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Wild Bunch Column – Come dine with bee

Hi this is Jo from the Wild Bunch with our latest column.

I figured that if three quarters of our food wouldn’t exist without the pollinating insects, it was only appropriate to organise a picnic to celebrate our buzzing friends and the food they help us produce. Come Dine with Bee was an event organised by Frome Town Council (at which I’m also the Resilience Officer) and took place at The Old Showfield on 18th August. The event was a celebration of bees, butterflies and hoover flies which are all in decline, and was hoped to bring some educational fun to local families during summer holiday. The guests were invited to bring food that wouldn’t be there without the pollinating insects, so some research was needed beforehand. The picnic bags and baskets were full of strawberries, apples, melon, oranges, tomatoes, cucumbers, nuts, chocolate and even coffee.

Once bellies were full, we played some games. Everyone agreed that the game collecting pretend nectar to bring to the hive was a ‘beesy’ task and more flowers were needed to meet the demand. Children also carried out some repairs to Buggingham Palace which was built to celebrate the Queen’s Platinum Jubilee earlier in June, we also made smaller bug hotels to take home, and carried out a simple insect survey.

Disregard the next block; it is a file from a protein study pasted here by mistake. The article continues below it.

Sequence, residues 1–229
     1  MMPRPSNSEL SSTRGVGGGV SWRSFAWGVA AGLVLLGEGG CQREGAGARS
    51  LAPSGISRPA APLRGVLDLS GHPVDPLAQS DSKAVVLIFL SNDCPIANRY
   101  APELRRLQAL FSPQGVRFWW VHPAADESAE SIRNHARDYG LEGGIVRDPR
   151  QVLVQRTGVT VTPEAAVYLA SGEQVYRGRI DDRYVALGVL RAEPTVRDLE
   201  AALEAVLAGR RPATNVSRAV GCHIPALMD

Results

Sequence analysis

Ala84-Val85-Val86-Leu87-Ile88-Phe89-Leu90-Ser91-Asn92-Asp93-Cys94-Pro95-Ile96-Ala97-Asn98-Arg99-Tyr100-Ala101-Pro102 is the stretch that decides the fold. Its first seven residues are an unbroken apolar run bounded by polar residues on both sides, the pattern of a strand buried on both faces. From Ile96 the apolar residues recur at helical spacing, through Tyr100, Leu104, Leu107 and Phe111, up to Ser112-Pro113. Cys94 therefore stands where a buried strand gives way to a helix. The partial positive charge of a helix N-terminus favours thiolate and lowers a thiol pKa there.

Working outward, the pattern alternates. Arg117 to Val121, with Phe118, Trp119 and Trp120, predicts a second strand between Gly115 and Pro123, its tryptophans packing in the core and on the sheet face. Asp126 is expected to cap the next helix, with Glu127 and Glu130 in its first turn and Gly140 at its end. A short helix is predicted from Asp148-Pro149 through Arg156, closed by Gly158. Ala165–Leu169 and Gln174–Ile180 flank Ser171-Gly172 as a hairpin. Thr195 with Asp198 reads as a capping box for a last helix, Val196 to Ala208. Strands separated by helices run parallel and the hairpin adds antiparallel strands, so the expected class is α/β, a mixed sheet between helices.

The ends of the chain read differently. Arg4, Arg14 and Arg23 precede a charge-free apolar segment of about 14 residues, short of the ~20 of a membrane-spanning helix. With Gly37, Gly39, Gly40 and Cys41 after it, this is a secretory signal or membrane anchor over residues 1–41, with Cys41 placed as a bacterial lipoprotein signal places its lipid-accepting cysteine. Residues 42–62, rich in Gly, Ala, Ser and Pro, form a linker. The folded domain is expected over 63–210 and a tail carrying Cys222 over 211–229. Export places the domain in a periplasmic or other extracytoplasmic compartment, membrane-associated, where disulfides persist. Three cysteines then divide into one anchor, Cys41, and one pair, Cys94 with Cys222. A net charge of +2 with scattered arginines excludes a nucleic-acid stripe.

Some real bees made an appearance but not many. The location we chose for the picnic was the beautiful Blossom Circle created for the jubilee. Due to the recent extremely dry weather the meadows around the circle resembled straw and we did not see many butterflies either. This sparked a very much needed conversation about the importance of private gardens in the changing climate. It’s much easier to manage small areas of wildflowers and grasses in our own spaces than large areas of meadows. Our beautiful parks and surrounding countryside are usually so full of wildflowers and lush grasses this time of year but are currently very dry with very little nectar available for our pollinating insect friends. Gardens, balconies and even window boxes are more important than ever in supporting our declining species and can be a lifesaving oasis for all kinds of wildlife.

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1 September 2022
Last Updated
19 October 2022
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